Friday, 25 August 2017

Fate of politicians referred to the High Court over the citizenship saga will not be known until at least mid-October.

It appears that on Day One before the High Court of Australia there is to be no united defence by those sitting politicians defending their election as members of parliament and stories appear to be changing.

ABC News, 24 August 2017:

The fate of politicians referred to the High Court over the citizenship saga will not be known until at least mid-October.

The court held its first hearings on the cases in Brisbane today, and Chief Justice Susan Kiefel has ordered the matter be heard in Canberra on October 10-12.

It is not clear yet how long it could take the court to decide on the case and announce its decision on the five cases currently before it — those of Deputy Prime Minister Barnaby Joyce, former Nationals Minister Matt Canavan, One Nation's Malcolm Roberts and former Greens senators Larissa Waters and Scott Ludlam.

Solicitor-general Stephen Donaghue QC, acting for the Commonwealth, had urged the hearings be scheduled in mid-September to ease any concerns about the validity of decisions made by the 45th Parliament.

In another twist, Mr Joyce's political nemesis, Tony Windsor, has been given permission to join the citizenship challenge in the High Court.

Mr Windsor will argue Mr Joyce has breached the constitution, as he was a dual citizen of New Zealand.

Mr Windsor's lawyers, appearing by videolink from Melbourne, also argued for the right to cross-examine Mr Joyce if they needed it for their case.

Solicitor-general Stephen Donaghue QC, acting for the Commonwealth, urged the court to hear the matters by mid-September.

Chief Justice Kiefel said she understood the "unusual circumstances" of the challenges, and the "high level of urgency", given it would have an impact on the current make-up of the Parliament.

However, she raised concerns whether the matters could be dealt with that quickly, particularly when Deputy Nationals leader Fiona Nash and South Australian senator Nick Xenophon's cases were awaiting formal referral to the court.

Chief Justice Kiefel asked the solicitor-general whether there was a "real practical difficulty in terms of governance" if the court waited until October to hear the cases, to which Mr Donaghue replied there was not.

Lawyers for Senator Canavan also said the Commonwealth had "underestimated the complexity of their case", given the nature of his Italian citizenship.

They also suggested the highly publicised story he had presented about his mother signing him up for Italian citizenship was "irrelevant", rather arguing that there had been retrospective changes to Italian laws that had led to the strife.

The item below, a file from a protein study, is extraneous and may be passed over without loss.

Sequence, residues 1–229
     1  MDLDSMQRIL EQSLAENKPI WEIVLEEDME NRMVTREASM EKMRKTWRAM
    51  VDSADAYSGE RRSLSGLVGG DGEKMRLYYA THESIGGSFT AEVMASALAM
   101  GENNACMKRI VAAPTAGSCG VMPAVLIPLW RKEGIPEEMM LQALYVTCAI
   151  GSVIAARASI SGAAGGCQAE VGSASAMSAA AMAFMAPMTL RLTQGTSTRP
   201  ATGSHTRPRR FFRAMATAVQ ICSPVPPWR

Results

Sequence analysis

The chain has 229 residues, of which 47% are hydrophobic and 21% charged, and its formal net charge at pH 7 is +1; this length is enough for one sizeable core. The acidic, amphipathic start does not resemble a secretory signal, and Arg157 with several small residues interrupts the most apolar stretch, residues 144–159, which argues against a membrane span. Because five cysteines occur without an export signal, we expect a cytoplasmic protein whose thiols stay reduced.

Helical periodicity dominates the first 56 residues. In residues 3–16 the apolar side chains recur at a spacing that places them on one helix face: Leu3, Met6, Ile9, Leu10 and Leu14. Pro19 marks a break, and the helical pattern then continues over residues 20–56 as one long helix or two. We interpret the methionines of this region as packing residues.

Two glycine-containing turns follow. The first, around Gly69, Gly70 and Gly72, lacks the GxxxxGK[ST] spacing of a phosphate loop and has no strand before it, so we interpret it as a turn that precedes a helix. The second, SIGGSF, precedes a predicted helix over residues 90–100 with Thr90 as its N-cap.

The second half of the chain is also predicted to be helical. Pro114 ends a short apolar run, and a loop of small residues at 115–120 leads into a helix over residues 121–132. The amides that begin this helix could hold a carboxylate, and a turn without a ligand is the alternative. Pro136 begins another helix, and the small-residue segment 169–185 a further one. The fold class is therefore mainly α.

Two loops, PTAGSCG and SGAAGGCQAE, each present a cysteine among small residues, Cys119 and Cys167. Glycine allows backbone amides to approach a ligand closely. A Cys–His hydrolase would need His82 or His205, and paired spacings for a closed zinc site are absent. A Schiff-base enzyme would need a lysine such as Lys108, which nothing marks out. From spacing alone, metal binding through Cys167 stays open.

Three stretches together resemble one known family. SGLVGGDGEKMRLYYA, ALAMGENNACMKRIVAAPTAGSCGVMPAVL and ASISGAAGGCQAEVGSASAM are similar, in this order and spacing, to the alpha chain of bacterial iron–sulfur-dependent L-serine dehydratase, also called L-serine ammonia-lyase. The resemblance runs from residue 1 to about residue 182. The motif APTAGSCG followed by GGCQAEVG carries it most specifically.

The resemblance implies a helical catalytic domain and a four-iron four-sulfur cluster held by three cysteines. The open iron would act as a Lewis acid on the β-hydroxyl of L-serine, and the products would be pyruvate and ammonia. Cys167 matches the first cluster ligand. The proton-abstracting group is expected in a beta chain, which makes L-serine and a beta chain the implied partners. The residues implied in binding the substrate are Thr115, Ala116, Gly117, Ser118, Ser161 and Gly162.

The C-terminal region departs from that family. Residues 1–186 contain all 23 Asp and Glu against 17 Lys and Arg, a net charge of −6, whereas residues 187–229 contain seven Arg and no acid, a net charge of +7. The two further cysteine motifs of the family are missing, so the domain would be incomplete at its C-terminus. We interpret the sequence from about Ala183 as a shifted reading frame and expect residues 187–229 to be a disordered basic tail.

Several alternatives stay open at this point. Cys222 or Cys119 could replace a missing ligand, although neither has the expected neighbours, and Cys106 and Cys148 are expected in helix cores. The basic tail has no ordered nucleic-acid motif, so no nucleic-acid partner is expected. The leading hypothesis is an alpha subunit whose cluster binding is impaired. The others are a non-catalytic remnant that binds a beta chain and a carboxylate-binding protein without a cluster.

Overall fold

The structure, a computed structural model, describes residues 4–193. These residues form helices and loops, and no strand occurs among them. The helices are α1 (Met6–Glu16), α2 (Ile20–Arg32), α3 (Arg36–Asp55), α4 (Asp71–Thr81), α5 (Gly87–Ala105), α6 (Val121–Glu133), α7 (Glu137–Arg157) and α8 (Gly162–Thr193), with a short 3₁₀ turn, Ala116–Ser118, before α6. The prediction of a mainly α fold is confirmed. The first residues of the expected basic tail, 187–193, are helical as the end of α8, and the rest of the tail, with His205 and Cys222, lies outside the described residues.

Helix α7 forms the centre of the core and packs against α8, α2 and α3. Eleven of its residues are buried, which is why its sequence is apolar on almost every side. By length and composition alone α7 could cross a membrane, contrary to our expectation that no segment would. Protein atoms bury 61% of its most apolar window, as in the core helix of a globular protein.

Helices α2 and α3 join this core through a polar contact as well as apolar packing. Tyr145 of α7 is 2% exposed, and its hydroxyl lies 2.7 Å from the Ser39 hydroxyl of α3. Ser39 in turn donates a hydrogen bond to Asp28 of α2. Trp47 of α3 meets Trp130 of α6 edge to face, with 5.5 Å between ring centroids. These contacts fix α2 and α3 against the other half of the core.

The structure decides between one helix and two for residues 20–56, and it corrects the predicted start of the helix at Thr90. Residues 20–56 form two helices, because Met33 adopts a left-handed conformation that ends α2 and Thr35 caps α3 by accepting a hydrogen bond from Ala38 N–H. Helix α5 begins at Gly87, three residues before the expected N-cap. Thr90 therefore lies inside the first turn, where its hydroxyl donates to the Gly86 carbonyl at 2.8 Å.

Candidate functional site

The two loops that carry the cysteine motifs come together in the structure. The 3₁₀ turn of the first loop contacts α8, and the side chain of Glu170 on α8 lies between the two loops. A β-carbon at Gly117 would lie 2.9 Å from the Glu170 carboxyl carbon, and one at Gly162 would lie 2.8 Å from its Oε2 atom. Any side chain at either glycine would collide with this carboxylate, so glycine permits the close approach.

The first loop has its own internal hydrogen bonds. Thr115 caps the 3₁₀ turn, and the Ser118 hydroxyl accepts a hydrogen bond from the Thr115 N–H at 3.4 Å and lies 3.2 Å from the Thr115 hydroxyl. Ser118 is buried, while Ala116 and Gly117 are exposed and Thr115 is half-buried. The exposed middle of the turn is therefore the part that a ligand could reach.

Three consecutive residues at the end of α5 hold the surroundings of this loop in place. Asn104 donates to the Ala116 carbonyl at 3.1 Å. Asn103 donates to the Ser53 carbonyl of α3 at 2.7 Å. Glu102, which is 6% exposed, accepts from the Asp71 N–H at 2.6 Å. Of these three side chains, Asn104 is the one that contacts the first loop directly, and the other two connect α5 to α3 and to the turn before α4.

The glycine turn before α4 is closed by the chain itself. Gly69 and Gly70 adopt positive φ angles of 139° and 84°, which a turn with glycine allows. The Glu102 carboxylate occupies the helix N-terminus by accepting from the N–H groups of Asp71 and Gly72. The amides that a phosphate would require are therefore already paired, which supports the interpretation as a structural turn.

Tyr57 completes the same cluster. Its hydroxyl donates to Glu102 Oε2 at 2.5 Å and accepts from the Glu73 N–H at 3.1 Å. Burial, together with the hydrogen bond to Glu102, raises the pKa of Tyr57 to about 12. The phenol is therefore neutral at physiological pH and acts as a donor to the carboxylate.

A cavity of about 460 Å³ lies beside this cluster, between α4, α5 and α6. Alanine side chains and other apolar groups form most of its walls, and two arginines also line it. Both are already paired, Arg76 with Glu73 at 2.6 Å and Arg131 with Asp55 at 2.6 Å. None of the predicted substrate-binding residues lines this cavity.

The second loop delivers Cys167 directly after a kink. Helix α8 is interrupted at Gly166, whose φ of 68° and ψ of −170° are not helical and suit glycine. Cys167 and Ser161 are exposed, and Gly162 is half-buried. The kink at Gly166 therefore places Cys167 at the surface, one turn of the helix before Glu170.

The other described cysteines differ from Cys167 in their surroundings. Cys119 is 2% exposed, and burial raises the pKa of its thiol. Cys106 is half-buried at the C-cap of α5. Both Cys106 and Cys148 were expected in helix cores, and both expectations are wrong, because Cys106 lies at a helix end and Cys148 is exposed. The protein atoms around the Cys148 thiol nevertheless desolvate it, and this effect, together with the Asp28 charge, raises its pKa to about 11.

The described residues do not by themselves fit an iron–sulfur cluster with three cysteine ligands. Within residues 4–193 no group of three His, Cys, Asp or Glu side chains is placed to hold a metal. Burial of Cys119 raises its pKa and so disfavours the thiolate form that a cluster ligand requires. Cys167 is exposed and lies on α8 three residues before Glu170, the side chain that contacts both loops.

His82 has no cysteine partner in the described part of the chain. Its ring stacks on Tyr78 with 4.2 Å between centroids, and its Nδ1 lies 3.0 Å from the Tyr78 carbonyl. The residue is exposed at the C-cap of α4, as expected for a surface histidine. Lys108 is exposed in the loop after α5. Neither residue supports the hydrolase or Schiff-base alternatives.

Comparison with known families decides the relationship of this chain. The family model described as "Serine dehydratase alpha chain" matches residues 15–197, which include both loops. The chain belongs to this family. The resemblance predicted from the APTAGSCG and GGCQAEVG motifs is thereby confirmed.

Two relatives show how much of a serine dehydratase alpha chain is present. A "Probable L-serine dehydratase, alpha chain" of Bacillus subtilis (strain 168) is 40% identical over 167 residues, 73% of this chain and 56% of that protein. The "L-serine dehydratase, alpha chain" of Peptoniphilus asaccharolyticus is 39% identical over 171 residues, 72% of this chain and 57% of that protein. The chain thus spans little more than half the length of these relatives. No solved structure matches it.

Mr Donaghue said the cases of Senator Canavan, Mr Joyce and Ms Waters were different to those of Senator Roberts and Mr Ludlam.

He argued Senator Canavan, Mr Joyce and Ms Waters had no knowledge they could be considered dual citizens under foreign law.

The solicitor-general but suggested Senator Roberts and Mr Ludlam knew or should have known.

Lawyers for Senator Roberts criticised the initial timing of the full hearings, suggested by the Commonwealth.

They also took issue with the Attorney-General's offer to get the same British QC enlisted to give expert evidence on other citizenship cases to also draft a report about Senator Roberts' status.

The argument was that they should have the chance to brief the legal expert themselves, and have the opportunity to find their own experts if they did not agree. [my highlighting]

The Australian, 24 August 2017:

Barrister Robert Newlinds SC, for India-born Senator Roberts, said his client did not concede to being a citizen of any country other than Australia.

However, Mr Newlinds said Senator Roberts made contact with the British Home Office before the election, but received no response. He then sent another email before the election and “renounced” any foreign citizenship.

However, Senator Roberts did not receive any acknowledgement from the Home Office until after the election, the court has heard, when they sent him a renunciation form to fill out.

He later was told by the Home Office that his renunciation of British citizenship had been accepted – but Mr Newlinds said it was not clear whether that acceptance was in relation to the pre-election email or the post-election form……

Attorney-General George Brandis says the government is “grateful” the High Court agreed to hear all eligibility cases in the one hearing.

Senator Brandis said the hearing, to be held in the first fortnight of October, was scheduled as early as possible, despite the government asking for an earlier date on the 13th and 14th of September.

“We are very grateful that the High Court has listed the matter at the next practicable opportunity, we were pressing the court to hear it even earlier in September but it just wasn’t practicably possible particularly since the matter was going to be set down for three days,” Senator Brandis said.

“By the standard of listing matters in the High Court it is a very swift hearing, it gives all the parties a full opportunity to be ready, to present both written submissions and of course oral argument….. [my highlighting]

Matters for judgment by the High Court sitting as the Court of Disputed Returns:

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